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Old May 6, 2013, 02:27 PM   #21
bedbugbilly
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Join Date: November 19, 2009
Posts: 2,144
O.K. . . . not to get in to a big debate or duel . . . but when I read this originally and posted . . . I neglected to ask what Hawg and several others have already mentioned. I have a machining background and am still scratching my head . . .

If it was a "bored through" cylinder (i.e. as for cartridge) I can see how the chamber could be machined so that the mouth of the chamber (end towards the barrel) could be tapered to a smaller I.D. - a fairly simple mating process with the right tools. But we're talking a BP cylinder - bored from the mouth end (barrel end). How on earth can you machine it so that the mouth is a smaller I.D. than the lower portion (nipple end) of the chamber? I just don't see how it can be done unless you bored the chamber and then went in with an expandable hone of some sort that expanded after inserting. I really don't think they go to that extent.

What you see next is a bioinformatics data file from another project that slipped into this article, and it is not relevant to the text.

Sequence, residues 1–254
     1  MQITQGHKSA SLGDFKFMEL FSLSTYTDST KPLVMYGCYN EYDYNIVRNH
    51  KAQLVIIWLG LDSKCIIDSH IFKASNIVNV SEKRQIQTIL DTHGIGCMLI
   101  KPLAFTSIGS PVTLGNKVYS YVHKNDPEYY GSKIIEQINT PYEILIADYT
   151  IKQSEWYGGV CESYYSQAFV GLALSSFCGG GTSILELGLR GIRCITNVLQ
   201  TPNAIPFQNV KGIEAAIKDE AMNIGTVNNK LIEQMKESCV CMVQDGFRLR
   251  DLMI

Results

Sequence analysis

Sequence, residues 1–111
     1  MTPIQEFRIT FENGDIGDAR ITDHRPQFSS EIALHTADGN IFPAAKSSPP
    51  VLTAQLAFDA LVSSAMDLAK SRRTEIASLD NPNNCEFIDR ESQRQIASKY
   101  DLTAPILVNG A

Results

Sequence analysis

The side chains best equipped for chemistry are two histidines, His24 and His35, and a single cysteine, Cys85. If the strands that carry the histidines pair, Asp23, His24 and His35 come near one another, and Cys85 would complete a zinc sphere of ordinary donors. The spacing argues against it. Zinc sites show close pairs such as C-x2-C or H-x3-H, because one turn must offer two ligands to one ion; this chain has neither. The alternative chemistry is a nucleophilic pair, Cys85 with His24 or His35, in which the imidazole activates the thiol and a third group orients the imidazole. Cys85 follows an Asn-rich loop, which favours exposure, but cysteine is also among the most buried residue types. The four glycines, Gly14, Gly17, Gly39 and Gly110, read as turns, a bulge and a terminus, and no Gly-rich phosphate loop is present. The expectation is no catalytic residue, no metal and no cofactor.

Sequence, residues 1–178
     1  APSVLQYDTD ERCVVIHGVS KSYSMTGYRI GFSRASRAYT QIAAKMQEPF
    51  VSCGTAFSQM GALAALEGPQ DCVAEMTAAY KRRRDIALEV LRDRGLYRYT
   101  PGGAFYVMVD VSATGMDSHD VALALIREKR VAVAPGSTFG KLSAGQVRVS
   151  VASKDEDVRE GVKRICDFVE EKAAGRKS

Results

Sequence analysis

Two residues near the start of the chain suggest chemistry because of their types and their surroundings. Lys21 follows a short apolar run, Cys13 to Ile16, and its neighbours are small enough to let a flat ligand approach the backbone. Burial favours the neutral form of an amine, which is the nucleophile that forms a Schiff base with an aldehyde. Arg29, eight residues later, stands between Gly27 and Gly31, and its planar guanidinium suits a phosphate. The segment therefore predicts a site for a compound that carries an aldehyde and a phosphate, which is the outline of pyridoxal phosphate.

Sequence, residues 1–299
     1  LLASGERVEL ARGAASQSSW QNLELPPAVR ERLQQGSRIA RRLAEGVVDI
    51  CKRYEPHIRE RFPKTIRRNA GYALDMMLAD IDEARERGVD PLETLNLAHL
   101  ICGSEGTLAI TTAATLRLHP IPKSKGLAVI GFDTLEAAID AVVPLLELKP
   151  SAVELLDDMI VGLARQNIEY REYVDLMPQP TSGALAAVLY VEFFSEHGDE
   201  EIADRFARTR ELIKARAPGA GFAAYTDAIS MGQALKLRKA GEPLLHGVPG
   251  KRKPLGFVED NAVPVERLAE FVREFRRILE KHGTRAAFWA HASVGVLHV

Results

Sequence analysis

So . . . I'm not casting doubts on what the OP has stated or questioning him . . . and yes, it's possible that his end measurements may be off due to the difficulty in taking them . . . but that still doesn't explain the balls moving forward. If he's getting a good shear of lead . . . they shouldn't be doing it. Or am I missing something?

I've never shot a "49 Pocket (although I'd love to have one). I'm assuming you are using about 12 grains of BP. Doesn't seem to me like that would force the balls in the unfired chambers forward unless there was a problem. Is it possible that the chambers are "out of round" - i.e. enough that you might get a shear and it look O.K. but off enough to allow movement? Just asking . . .
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